Oral Presentation HUPO 2019 - 18th Human Proteome Organization World Congress

Insights in food digestion: tracking peptides from meat and meat hydrolysates by simulated gastrointestinal digestion and label-free proteomics (#75)

Evelyne Maes 1 , Santanu Deb-Choudhury 1 , Jessica Gathercole 1 , Stephen Haines 1 , Anita Grosvenor 1 , Erin Lee 1 , Ancy Thomas 1 , Stefan Clerens 1 2 3
  1. AgResearch Limited, Lincoln, New Zealand
  2. Biomolecular Interaction Centre, University of Canterbury, Christchurch, New Zealand
  3. Riddet Institute, Massey University, Palmerston North, New Zealand

To increase our insights in the nutritional and functional benefit of meat proteins, knowledge on its digestion after consumption are crucial. Information about protein truncation during digestion is critical to track the relative abundance of the released peptides during both gastric as well as intestinal digestion stages. Apart from the protein breakdown, digestion may also release peptides that display functionality in addition to their nutritional value, such as bioactivity. Bioactive peptides are known to display a variety of health-promoting activities including anti-hypertensive, anti-oxidant and anti-inflammatory properties. The digestion process may release these bioactive peptides which are encrypted in larger protein sequences. However, passage through the gastrointestinal tract drastically alters peptide profiles and thus may enhance of limit the amount of bioactive sequences found.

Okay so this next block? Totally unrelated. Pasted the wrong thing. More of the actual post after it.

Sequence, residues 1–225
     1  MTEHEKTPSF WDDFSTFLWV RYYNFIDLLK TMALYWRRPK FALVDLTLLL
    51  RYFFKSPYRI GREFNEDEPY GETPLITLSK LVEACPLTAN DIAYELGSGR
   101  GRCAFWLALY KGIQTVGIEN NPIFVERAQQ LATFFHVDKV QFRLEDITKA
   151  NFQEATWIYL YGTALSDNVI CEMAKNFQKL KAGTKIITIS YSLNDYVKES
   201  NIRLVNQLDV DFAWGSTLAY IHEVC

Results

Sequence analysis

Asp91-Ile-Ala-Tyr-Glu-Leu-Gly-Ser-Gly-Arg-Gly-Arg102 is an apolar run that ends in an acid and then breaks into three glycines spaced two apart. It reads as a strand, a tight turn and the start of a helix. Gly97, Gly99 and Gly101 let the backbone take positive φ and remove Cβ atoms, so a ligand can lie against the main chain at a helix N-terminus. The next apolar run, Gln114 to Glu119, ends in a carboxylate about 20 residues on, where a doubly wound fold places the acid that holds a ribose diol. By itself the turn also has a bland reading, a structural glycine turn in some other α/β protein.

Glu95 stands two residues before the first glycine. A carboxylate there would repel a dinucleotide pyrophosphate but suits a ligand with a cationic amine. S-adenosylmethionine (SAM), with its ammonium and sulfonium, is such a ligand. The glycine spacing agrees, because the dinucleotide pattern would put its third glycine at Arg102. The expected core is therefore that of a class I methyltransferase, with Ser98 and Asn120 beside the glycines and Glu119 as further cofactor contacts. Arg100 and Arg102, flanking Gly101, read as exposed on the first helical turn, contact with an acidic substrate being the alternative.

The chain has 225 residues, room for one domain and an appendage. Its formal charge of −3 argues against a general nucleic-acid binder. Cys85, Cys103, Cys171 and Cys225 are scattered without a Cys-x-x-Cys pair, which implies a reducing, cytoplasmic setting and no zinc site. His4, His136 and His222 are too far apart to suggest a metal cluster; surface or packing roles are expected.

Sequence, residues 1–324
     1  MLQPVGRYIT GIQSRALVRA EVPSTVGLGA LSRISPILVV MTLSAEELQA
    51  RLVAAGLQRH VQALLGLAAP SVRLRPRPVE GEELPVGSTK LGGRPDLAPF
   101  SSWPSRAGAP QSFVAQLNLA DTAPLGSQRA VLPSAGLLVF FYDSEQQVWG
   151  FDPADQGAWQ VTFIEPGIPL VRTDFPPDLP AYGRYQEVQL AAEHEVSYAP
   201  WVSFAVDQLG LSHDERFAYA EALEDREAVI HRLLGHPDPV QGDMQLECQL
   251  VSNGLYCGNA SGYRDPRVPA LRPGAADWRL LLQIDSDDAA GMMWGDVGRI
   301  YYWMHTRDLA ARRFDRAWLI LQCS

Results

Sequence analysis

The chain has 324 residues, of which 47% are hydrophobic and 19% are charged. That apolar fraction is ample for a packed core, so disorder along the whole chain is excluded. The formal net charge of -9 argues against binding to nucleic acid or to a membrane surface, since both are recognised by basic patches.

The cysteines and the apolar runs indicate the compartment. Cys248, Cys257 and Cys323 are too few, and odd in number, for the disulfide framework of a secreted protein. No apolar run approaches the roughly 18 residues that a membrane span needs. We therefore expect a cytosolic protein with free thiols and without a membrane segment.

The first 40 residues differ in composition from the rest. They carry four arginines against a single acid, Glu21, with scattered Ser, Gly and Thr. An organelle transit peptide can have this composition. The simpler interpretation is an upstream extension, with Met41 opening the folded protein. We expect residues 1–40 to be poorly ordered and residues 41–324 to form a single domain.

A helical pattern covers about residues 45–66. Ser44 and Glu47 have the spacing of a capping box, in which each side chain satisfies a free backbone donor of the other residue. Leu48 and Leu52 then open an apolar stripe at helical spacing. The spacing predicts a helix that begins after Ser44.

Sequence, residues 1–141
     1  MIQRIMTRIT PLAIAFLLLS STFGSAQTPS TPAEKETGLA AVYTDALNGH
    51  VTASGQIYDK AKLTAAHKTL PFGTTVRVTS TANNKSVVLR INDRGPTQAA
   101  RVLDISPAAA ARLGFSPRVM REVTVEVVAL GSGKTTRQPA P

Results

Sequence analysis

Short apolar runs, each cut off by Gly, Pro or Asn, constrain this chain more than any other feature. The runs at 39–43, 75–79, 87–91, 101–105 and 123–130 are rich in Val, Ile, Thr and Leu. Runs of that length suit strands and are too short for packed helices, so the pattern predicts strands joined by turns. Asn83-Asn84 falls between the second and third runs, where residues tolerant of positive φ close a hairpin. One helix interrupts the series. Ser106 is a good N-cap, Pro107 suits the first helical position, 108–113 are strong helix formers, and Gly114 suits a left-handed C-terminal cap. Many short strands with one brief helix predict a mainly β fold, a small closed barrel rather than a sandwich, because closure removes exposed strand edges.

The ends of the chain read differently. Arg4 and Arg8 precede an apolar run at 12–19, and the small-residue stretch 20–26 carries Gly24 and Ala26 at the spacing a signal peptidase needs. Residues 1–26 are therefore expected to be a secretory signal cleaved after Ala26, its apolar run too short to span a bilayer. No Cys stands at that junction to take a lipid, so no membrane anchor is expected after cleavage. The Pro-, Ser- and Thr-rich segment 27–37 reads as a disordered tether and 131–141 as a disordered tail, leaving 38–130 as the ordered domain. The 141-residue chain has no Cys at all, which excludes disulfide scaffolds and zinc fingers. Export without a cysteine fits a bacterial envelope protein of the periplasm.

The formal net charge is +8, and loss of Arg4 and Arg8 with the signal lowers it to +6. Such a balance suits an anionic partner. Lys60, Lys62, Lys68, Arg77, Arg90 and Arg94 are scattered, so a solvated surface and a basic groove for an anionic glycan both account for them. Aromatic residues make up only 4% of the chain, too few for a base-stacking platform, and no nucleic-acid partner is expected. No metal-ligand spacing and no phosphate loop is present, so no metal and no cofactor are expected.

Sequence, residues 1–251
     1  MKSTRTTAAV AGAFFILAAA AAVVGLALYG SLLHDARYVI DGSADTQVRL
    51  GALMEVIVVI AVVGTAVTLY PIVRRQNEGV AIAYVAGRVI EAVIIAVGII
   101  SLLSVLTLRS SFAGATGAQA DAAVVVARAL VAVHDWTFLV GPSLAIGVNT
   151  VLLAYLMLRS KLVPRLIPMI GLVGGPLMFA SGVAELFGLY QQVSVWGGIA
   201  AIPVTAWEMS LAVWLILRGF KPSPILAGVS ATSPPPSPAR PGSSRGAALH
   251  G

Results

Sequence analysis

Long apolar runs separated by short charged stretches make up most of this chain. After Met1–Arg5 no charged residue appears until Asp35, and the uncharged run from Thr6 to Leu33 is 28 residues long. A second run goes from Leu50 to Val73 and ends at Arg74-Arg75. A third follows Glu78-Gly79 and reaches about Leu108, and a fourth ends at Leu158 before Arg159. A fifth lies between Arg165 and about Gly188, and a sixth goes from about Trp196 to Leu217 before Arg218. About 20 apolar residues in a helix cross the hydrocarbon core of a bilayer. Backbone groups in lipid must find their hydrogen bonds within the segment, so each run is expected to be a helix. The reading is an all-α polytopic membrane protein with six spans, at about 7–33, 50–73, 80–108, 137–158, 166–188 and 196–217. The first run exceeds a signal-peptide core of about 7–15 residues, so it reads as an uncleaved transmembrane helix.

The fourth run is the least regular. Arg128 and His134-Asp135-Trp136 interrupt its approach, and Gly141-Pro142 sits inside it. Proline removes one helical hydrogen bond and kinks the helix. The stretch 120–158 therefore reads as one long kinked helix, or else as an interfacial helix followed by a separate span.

In this study, we compared the peptide compositions after simulated gastrointestinal digestion of powdered meat samples from 18 month old steers and of enzymatically produced meat hydrolysates. These meat protein hydrolysates are important in the food industry due to their versatility of use, from flavour enhancers to functional ingredients. To evaluate the differences in in vitro digestion between meat powder vs meat hydrolysate, we performed a label-free quantitative proteomic analysis. Data were acquired via data-dependent acquisition on an Impact HD Q-TOF. Protein and peptide identification was performed using Peaks Studio software. Further data analysis via principal component analysis displayed a clear distinction in the number and the type of peptides produced in meat powder vs. hydrolysed meat. Additional  bioactivity profiling using our in-house database showed that numerous bioactives were generated during simulated digestion of the meat hydrolysate, while fewer hits were found in the meat powder. This indicates the potential of meat hydrolysates as functional ingredients in foods.